Originally posted by dstankie:The first single off AB was the Fly. Do you know what that sounded like at the time? How bold and weird and provocative?
The first single off Zooropa was Numb. Numb! And radio stations played it.
The first single off Pop was Discotheque. Again, weird and bold and unpredictable.
Heck, I'll throw in Beautiful Day. At the time, sounding like old U2 was the least U2 thing to do. It's a great track that set the tone for the album and tour to come.
Desire was an interesting single from R&H.
A non-album release like Night and Day demanded attention for its unpredictability. Same with Hold Me..., Miss Sarajevo.
I'll even concede Vertigo was a banger and had some new energy (even if the rest of the album was nothing like it).
So it's not like there isn't a long history of attention-grabbing singles that pushed the sound envelope for this band.
With that context, recent singles have been tremendous let downs to some of us, and this one seems to sadly be another swing and a miss.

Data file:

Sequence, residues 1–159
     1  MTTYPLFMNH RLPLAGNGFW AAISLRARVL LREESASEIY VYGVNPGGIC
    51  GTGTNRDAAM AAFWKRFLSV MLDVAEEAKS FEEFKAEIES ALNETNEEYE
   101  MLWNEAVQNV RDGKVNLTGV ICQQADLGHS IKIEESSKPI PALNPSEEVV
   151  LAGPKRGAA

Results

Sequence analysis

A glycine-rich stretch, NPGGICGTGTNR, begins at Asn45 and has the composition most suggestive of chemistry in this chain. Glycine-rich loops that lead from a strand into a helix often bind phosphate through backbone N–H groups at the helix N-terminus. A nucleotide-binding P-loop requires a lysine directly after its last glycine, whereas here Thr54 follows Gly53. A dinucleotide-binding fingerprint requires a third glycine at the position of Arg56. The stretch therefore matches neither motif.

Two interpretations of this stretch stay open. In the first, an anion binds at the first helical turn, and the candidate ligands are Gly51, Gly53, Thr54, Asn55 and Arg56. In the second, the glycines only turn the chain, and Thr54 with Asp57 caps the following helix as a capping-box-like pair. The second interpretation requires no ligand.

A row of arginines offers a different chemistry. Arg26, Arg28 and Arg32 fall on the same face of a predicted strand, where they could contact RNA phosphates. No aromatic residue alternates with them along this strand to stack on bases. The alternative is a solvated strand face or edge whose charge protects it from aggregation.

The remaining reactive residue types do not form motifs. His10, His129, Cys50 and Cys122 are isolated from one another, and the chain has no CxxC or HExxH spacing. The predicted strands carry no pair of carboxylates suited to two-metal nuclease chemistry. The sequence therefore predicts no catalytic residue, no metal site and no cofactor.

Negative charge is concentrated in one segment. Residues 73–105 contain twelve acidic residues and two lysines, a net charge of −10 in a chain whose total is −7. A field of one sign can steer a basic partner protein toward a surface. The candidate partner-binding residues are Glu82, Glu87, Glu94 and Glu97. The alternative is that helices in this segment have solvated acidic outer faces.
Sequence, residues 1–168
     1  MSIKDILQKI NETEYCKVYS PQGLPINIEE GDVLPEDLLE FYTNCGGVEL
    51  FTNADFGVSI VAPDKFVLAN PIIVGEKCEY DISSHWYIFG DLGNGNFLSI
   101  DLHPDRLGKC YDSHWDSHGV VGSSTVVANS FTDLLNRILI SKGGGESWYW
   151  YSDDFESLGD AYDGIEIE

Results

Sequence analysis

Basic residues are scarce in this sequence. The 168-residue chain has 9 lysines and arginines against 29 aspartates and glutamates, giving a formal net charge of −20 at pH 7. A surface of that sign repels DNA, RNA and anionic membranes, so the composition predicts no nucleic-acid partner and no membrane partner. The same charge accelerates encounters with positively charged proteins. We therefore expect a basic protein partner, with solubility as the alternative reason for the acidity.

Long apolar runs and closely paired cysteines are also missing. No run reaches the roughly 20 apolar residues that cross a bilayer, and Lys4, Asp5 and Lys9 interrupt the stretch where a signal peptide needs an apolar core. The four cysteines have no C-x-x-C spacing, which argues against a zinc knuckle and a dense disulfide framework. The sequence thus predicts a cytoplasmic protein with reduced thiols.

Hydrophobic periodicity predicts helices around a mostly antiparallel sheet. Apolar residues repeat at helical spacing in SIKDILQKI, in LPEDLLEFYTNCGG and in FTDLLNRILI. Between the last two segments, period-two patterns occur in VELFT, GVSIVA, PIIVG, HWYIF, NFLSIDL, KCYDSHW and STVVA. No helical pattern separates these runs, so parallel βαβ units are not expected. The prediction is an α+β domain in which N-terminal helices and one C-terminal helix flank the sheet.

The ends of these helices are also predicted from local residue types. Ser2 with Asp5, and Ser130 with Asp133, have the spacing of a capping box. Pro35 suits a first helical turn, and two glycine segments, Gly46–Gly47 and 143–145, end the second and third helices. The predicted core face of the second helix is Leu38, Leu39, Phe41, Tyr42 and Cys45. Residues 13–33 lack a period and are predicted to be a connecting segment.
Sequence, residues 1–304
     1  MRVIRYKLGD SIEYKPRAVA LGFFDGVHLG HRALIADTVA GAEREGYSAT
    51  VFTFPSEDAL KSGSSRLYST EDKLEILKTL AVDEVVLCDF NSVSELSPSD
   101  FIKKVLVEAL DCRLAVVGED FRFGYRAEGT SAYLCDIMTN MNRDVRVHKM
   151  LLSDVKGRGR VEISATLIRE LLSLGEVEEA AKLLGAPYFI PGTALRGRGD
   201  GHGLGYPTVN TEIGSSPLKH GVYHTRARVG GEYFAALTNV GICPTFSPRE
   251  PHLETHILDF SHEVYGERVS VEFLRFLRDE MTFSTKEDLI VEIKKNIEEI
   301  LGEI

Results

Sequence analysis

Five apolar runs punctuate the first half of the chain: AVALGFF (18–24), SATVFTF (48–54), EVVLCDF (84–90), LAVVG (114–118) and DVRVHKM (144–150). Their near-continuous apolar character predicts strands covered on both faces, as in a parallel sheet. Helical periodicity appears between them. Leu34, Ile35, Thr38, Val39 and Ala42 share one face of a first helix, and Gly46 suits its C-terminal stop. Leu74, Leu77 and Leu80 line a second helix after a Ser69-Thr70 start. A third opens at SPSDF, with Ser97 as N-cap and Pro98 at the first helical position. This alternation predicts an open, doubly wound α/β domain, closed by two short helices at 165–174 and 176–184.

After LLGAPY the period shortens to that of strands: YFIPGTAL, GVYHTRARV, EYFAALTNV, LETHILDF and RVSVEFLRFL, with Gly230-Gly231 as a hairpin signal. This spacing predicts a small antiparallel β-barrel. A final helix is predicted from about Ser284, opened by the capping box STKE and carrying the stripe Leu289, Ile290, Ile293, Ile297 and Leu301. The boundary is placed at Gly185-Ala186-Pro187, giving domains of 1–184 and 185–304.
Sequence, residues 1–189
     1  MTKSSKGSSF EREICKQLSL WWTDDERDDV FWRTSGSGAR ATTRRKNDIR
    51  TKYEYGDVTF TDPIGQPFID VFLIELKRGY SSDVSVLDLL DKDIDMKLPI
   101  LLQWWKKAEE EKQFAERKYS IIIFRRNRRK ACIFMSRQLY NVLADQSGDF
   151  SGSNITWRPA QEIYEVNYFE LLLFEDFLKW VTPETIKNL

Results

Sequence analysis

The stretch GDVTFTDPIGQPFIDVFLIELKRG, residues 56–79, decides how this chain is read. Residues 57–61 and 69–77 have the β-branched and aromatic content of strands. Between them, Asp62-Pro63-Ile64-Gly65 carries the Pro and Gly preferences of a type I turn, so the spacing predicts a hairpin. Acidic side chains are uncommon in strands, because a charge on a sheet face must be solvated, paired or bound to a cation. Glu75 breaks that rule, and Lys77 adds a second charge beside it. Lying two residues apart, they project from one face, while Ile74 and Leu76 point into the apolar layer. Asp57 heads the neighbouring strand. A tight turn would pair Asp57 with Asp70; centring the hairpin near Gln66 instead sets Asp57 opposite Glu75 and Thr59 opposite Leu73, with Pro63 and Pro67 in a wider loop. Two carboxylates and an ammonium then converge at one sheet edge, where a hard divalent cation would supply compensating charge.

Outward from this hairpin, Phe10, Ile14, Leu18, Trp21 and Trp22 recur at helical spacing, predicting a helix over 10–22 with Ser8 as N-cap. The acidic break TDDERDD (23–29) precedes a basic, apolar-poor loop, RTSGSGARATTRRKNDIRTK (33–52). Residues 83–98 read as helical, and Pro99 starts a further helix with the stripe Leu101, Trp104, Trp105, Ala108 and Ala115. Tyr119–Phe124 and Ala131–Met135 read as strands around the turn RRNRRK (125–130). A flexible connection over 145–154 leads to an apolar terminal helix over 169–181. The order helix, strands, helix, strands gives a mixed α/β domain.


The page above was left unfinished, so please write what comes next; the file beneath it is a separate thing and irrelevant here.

And the weird thing is that they--the artists themselves--don't seem to notice the tremendous diminishment.
An analogy: I am a New England Patriots fan. I was spoiled by twenty years of football greatness. Am I supposed to feel satisfied by what the team is now--average on a very good day? As a fan, should I just be happy that there is still a football team in New England?
The analogy breaks down: the Patriot greatness was clearly largely about Tom Brady's greatness. He's gone, and therefore this isn't the same team. But U2 IS the same team. And given their history of greatness, plus their collective musical wisdom and experience, is it really so strange or offensive to expect more from them?